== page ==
Summer on the Hill. House Majority Leader Steny Hoyer (D-N.Y.) on Friday released the House’s summer schedule, which shows the majority of June will be used for committee days for members to focus on major legislation to be passed before the end of the fiscal year. In a Dear Colleague note, Hoyer highlighted the FY ’21 NDAA and yearly appropriations bills among several critical efforts. Every weekday in June is scheduled for committee work except for the last, June 30, which is scheduled for votes. In July, two weeks are scheduled for committee hearings from July 6-17, with the remainder of work days set aside for votes. In August, members are scheduled to return home for the annual district work period, before returning to D.C. after Labor Day for votes scheduled throughout September. “I anticipate longer days in late June and in July in order to accommodate votes,” Hoyer said. “Votes may occur as early as 10:00 a.m. on the first day of the week, and votes may last into the evening on the last day of the week.” Hoyer noted that if the House is able to complete its committee work and votes by the end of July and barring any additional efforts that may need to be taken due to COVID-19, no changes will be made to the August district work period.
Rocket Lab Launch. Rocket Lab has scheduled the launch window for its next mission, “Don’t Stop Me Now,” set to launch three payloads from the NRO, as well as payloads for NASA and the University of New South Wales Canberra Space. The launch, scheduled for no earlier than June 11, will be the 11th mission for the company’s Electron launch vehicle and will occur at Rocket Lab’s complex in New Zealand. The launch was originally scheduled for March, but was postponed as New Zealand issued new guidance for its local companies in the wake of the COVID-19 global pandemic.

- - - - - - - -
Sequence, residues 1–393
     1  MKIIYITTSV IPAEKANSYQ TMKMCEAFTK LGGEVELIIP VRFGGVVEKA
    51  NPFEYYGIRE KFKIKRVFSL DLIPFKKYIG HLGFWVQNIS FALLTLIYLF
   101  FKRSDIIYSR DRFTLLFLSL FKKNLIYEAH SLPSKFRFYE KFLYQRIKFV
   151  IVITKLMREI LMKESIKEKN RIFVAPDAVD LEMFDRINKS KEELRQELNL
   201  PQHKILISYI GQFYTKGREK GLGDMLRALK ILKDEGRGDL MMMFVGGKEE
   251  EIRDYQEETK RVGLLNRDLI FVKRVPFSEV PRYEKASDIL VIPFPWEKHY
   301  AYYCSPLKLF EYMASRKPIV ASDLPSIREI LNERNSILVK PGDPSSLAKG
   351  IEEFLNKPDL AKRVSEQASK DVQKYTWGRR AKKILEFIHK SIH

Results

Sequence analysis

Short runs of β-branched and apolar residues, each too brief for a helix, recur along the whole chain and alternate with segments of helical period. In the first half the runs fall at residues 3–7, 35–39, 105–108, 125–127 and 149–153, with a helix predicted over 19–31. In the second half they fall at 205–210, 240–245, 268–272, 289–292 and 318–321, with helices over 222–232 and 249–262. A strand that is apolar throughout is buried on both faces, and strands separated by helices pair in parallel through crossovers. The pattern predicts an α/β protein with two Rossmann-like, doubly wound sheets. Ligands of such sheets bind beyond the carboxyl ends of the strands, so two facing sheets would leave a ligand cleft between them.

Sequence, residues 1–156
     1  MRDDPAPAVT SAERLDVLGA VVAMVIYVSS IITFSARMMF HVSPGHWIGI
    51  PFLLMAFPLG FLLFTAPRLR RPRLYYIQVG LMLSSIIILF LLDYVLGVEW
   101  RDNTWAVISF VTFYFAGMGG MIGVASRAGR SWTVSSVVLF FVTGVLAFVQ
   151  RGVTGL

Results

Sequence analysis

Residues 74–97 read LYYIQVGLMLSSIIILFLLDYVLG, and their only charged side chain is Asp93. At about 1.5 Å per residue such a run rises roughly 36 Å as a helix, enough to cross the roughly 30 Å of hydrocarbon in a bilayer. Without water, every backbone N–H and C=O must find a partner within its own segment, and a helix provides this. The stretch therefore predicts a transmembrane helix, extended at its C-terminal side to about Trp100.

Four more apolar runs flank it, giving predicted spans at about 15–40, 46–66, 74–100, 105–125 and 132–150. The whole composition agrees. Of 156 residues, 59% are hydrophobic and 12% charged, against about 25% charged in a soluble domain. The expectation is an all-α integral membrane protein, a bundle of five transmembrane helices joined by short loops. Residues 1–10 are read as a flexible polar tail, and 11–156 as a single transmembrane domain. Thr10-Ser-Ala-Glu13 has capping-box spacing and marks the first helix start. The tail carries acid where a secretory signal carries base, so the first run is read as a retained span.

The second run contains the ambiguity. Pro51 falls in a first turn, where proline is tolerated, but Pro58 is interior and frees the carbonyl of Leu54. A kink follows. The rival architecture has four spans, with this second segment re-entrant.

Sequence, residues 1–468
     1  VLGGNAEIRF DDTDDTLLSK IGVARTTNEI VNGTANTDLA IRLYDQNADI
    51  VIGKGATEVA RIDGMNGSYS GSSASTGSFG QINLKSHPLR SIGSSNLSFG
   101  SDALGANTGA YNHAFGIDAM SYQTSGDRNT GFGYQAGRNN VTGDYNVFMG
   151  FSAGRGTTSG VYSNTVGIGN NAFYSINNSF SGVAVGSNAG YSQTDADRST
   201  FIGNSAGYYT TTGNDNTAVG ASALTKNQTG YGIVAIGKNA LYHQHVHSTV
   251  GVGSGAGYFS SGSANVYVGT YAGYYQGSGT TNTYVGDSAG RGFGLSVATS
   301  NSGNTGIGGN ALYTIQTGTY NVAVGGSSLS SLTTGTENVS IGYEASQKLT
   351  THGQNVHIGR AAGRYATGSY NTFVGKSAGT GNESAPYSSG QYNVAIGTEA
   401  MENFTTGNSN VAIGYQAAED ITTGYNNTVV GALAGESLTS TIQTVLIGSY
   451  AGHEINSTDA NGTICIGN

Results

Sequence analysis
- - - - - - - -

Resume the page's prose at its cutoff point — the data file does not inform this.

House on Open Skies. The House Foreign Affairs Democrats sent a letter Friday to the Trump administration demanding answers with regard to the decision to officially withdraw from the Open Skies Treaty. In the letter, they criticize the intent to withdraw from the treaty without notifying Congress as running counter to requirements laid out in the FY ’20 NDAA and express concern that the decision was made without consulting other allies and partners. “By withdrawing, the United States will lose one of the last remaining arms control agreements that holds Russia accountable and a tool that provides critical transparency to prevent miscalculations and uncertainty that could lead to a major war. We will lose access to shareable intelligence that, for example, has been critical to monitoring Russian military aggression against Ukraine and allowed the United States and Ukraine to monitor the 2018 Kerch Strait hostage crisis,” the letter said.
STRIKEWERX. Air Force Global Strike Command at Barksdale AFB, Louisiana, on Friday launched STRIKEWERX, a new innovation hub to better connect the command with nontraditional industry, small businesses and academia. Based off of similar efforts across the U.S. military such as USSOCOM’s SOFWERX and the wider Air Force’s AFWERX, the new hub at the Cyber Innovation Center in Bossier City, Louisiana, will allow for increased collaboration and interaction between AFGSC and those interested in working with the command with a more accessible location. “We are a very small command with a huge mission set, and we know we have to think about things differently. We have to move faster,” said AFGSC Commander Gen. Tim Ray during his keynote speech, per an Air Force Release. “We want to transmit to the outside world where we need help and create a forum where we can have smart people come in and help us solve problems quickly, [and] we believe this is a great way to bring in better ideas and faster funding.”